- Chris Sprow, ESPN Insider
There is no single method to having success through the NFL draft, no perfect philosophy. Go through the thousands of picks and hundreds of rounds and try to pull themes, and you can prove almost any case you want.
Total picks matter, you can claim. If you are a fan of the Green Bay Packers, you can argue that last year's success says a lot about the importance of accruing many picks -- a league-leading 68 over the last seven drafts. This strategy creates vast depth, the kind that makes a Super Bowl run possible even while the injured reserve is stuffed. And you'd be right.
Elite talent matters, you can argue. You could be a fan of the San Francisco 49ers or Detroit Lions, and point to the importance of adding elite talent. Both teams have experienced huge turnaround seasons after each adding two key first-round picks in the 2010 draft. Depth is nice, but you can't start 53 players.
The problem is that there are a multitude of counter-examples.
The Packers and New England Patriots prove that piling up picks matters, with two of the league's best winning percentages over the last six years. But the New Orleans Saints have the NFL's second-fewest picks in that span, and have played the best football in the history of the franchise, including a Super Bowl title. The New York Jets have made the fewest picks and have been to two straight AFC title games.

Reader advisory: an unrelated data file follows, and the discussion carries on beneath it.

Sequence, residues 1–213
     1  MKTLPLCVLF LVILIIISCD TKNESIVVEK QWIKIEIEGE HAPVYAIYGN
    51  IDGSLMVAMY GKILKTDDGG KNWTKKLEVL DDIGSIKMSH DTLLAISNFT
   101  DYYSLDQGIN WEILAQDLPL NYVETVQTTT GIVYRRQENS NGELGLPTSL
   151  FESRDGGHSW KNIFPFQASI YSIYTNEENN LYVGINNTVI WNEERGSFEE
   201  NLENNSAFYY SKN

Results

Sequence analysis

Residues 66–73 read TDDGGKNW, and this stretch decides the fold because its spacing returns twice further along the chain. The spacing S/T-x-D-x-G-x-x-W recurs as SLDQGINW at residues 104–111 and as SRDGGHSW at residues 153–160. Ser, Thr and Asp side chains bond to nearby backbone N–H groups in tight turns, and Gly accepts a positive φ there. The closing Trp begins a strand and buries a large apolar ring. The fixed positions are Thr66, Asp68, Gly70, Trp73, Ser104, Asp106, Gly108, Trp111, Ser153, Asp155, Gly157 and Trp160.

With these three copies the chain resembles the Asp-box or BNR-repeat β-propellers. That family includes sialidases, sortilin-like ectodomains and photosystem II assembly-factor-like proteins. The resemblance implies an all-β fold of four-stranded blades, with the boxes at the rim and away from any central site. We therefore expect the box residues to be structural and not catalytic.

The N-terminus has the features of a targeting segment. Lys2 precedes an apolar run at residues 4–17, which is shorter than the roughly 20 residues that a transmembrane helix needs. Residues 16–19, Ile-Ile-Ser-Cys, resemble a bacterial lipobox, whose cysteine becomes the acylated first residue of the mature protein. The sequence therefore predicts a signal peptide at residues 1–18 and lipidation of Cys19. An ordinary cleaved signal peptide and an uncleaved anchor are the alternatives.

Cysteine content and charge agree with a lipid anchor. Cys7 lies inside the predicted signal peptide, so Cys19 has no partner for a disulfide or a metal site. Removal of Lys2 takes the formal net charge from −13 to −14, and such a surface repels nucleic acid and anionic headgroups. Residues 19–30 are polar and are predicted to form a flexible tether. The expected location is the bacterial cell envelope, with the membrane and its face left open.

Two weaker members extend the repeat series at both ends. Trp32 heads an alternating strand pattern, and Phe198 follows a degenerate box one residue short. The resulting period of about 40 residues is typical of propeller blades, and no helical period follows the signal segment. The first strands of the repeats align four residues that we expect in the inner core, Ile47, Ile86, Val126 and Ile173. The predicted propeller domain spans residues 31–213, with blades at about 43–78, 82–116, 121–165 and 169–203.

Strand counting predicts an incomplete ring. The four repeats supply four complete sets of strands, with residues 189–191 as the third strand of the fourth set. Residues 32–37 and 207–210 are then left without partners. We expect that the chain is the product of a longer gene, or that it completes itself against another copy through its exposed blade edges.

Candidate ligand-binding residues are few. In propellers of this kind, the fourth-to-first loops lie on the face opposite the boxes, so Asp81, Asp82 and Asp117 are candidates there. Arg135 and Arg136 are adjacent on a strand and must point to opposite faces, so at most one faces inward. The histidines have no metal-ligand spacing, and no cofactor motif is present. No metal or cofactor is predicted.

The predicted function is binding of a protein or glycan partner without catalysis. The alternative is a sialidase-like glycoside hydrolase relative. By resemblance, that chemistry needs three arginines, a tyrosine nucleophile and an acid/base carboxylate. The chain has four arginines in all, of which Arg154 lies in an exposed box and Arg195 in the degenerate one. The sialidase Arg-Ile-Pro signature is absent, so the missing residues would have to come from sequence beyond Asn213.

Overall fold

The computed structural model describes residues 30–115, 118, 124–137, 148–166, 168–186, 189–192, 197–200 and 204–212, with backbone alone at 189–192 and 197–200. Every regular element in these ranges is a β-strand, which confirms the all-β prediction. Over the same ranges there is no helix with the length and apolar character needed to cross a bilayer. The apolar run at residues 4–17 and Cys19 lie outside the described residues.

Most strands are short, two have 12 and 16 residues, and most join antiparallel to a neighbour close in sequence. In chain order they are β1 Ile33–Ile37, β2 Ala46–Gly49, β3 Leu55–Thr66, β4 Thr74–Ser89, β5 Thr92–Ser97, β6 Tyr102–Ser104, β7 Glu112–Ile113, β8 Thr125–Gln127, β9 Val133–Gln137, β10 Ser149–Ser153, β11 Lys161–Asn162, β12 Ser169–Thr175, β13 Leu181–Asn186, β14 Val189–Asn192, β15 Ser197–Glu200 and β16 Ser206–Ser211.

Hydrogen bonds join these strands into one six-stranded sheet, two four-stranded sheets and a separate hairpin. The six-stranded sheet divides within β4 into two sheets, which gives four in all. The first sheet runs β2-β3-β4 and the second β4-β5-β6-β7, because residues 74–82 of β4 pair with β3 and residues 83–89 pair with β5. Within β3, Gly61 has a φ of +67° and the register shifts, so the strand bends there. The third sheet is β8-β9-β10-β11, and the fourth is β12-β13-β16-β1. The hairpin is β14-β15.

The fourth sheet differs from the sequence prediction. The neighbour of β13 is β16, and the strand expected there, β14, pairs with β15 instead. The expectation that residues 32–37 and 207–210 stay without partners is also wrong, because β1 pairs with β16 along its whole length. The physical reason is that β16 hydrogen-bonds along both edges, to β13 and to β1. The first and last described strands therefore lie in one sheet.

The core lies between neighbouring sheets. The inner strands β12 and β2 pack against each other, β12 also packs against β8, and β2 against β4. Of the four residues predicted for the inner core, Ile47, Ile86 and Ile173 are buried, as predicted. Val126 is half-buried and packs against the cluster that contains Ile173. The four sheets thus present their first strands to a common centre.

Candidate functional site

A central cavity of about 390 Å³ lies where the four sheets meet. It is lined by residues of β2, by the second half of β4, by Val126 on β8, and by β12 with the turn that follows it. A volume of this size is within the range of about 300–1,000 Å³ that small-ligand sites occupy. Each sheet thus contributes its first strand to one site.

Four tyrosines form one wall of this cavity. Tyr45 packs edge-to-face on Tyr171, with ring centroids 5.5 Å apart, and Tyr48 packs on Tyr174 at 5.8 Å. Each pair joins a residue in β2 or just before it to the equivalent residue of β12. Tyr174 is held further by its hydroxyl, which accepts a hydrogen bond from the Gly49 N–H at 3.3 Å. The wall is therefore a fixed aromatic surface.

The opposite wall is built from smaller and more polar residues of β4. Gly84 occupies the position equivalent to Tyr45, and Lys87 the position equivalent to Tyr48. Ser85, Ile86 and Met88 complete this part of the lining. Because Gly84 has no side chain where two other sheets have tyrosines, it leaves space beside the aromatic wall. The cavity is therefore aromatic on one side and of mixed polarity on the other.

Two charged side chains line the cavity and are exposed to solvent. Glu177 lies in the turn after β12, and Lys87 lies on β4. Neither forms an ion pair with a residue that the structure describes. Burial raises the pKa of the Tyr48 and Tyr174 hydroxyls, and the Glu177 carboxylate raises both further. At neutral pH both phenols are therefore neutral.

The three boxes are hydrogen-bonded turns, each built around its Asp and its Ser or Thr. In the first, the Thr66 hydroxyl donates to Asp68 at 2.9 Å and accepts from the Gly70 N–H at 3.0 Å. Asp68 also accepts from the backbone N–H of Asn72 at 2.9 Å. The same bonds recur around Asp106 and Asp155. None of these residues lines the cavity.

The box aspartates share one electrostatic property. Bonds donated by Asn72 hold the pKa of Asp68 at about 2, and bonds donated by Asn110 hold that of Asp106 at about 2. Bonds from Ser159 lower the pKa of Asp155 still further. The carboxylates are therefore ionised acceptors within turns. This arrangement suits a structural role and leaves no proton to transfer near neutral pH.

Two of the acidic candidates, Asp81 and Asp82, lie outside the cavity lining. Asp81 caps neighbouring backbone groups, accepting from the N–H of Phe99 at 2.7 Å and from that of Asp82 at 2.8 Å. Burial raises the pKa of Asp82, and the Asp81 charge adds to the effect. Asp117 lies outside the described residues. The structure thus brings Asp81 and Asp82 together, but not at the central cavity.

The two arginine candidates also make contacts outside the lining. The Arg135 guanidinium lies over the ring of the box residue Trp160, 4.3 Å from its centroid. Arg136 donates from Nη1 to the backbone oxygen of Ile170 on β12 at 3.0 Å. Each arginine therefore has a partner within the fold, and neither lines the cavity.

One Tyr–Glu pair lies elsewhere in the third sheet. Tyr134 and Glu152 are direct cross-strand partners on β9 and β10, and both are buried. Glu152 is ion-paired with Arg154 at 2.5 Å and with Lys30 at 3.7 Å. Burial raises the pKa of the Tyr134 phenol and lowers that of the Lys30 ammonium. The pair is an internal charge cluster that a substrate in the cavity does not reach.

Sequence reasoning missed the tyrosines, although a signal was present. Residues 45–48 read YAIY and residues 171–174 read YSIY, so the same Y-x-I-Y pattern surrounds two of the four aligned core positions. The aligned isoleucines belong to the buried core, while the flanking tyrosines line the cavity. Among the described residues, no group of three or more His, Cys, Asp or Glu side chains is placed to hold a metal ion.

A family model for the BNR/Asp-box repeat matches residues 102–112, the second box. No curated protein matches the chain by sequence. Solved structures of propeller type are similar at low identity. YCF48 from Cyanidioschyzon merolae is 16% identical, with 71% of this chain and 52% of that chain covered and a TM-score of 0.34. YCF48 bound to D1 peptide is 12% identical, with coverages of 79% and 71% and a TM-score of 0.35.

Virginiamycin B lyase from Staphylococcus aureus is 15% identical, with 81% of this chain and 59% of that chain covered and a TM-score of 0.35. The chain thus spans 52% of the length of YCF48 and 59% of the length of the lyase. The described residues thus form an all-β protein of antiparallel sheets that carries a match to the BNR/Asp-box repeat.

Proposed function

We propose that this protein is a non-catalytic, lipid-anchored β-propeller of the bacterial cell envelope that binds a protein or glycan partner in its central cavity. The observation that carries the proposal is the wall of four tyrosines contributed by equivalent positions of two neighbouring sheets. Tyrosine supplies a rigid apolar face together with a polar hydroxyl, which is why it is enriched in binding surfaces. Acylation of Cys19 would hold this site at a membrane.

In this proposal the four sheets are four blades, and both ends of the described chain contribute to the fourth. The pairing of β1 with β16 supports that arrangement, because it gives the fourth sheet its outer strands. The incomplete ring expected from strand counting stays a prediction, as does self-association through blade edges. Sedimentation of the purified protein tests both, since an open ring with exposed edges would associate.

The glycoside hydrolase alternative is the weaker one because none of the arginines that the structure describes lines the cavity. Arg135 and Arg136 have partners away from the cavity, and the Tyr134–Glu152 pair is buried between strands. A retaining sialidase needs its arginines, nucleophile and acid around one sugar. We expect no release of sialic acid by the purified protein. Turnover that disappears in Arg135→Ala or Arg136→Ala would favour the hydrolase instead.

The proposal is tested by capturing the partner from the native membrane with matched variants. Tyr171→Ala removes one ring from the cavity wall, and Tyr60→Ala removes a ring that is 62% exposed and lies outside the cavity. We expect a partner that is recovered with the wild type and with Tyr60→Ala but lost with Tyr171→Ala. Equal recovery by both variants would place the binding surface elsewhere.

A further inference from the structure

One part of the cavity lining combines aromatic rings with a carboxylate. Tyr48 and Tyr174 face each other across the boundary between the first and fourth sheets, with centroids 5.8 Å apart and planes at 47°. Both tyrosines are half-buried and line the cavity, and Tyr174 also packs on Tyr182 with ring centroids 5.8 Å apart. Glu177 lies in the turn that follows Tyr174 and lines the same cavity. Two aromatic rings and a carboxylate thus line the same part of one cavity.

Adding elite, first-round talent matters, but what does that say for a team like the Washington Redskins, the ultimate example, who almost unbelievably had the second and third overall picks in the 2000 draft and proceeded to top .500 only once in the next six seasons?
You can't assess the draft by picks alone. Be it volume, board placement or scouting mentality, there isn't one foolproof strategy. The annual list of newly replaced GMs will all take the stand and say the same.
But there is a connection between the draft and clear success when you weave in another theme, and it shows why the Oakland Raiders haven't ruined their future by trading away so many picks for Carson Palmer, and the Cincinnati Bengals haven't assured their own success by adding them.
Chris Sprow writes that the one defining narrative of the NFL draft is that you must build around a window of elite quarterback play. He also examines the teams best set up for upcoming drafts.